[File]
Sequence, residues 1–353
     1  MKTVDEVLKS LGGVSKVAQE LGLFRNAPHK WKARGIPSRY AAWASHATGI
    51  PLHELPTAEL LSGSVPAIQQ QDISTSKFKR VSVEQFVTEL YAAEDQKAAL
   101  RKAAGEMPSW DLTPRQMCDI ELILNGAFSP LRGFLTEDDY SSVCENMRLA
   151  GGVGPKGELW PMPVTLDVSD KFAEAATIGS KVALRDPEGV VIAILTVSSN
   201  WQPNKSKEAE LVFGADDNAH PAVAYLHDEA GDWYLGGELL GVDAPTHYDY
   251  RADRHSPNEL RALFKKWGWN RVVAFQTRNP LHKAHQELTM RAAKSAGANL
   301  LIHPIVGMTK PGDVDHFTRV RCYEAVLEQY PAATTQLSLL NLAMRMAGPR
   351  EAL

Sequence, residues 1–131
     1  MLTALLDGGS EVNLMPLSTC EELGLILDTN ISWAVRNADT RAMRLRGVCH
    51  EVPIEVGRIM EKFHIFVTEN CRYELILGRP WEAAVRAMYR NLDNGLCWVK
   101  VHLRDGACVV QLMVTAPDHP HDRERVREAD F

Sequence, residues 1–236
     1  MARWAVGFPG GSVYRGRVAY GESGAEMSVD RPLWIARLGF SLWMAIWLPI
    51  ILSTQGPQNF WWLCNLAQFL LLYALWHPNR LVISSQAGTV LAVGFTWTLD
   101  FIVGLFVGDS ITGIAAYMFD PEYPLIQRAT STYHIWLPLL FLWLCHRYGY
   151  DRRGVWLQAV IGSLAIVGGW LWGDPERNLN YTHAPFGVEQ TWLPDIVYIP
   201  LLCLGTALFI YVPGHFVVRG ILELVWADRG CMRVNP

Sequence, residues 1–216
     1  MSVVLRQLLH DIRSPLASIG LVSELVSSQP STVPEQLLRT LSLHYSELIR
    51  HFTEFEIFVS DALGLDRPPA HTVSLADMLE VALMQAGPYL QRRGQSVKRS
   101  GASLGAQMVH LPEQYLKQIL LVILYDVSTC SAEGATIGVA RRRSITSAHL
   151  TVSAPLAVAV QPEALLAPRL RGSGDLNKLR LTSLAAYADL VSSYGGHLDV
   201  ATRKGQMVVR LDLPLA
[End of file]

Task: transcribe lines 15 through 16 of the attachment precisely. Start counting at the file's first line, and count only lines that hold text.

     1  MARWAVGFPG GSVYRGRVAY GESGAEMSVD RPLWIARLGF SLWMAIWLPI
    51  ILSTQGPQNF WWLCNLAQFL LLYALWHPNR LVISSQAGTV LAVGFTWTLD